We often want to send messages that are both (a) encrypted, so passive attackers can't discover the plaintext of the message, and (b) signed with a private-key digital signature, so active attackers can't trick Alice into thinking that some message came from Bob, when really the message is some (accidental or malicious) modification of a real message Bob sent, or a message that was forged out of whole cloth by an attacker.
Is it better to (a) generate the digital signature from the (hashed) plaintext, and then encrypt a file containing both the plaintext message and the digital signature? Or is it better to (b) encrypt the message first, and then generate a digital signature from the (hashed) encrypted file? Or (c) combine encryption and public-key digital signatures in some other way?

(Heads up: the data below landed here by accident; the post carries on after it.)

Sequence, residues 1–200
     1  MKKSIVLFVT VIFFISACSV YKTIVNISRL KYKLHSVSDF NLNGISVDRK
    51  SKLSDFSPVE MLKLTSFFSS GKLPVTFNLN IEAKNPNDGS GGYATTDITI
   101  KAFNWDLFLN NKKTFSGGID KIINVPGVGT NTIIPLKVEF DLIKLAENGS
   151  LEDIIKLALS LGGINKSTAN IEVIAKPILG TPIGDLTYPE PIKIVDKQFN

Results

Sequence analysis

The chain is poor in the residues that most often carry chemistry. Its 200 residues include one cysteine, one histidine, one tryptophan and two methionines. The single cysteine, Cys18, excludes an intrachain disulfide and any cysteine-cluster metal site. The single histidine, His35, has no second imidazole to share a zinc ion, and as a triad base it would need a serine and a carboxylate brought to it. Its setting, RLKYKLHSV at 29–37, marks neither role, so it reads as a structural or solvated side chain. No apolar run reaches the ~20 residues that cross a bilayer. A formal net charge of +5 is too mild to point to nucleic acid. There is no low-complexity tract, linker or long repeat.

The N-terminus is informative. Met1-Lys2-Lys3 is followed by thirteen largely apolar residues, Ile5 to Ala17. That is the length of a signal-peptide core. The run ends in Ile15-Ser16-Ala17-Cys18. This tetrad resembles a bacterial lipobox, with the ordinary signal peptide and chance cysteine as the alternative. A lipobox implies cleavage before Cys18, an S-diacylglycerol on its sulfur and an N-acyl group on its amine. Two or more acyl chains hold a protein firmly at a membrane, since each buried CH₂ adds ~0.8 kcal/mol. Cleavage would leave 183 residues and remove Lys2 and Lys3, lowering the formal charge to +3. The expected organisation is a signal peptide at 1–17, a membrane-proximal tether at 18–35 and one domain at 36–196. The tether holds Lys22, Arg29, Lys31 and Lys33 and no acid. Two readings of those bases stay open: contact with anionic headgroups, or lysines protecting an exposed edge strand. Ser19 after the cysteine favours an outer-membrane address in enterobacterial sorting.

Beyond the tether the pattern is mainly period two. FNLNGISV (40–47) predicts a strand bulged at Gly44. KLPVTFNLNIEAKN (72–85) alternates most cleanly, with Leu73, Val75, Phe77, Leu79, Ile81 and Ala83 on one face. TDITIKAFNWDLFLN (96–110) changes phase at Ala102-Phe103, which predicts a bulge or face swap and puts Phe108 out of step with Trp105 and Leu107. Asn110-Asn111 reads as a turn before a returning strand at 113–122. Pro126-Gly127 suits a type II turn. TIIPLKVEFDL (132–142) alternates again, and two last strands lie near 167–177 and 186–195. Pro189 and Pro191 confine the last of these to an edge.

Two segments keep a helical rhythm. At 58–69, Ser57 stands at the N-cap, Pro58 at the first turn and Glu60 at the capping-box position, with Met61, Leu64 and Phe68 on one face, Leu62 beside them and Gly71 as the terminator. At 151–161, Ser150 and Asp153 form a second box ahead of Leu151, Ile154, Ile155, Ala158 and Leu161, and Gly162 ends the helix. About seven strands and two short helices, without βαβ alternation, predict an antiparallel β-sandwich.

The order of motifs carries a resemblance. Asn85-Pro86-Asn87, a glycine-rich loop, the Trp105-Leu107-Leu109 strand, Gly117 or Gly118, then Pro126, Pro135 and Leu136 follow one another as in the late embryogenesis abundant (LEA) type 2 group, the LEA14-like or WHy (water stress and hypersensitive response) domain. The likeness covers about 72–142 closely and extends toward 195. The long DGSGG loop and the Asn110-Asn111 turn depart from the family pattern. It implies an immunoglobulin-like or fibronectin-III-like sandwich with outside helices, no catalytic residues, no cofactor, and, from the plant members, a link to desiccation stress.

A closely related earlier question ( Should we MAC-then-encrypt or encrypt-then-MAC? ) seems to focus on symmetric-key MAC authentication. As Robert I. Jr. asked earlier, Do the same issues with (symmetric-key) MAC-then-encrypt apply to (public-key) sign-then-encrypt?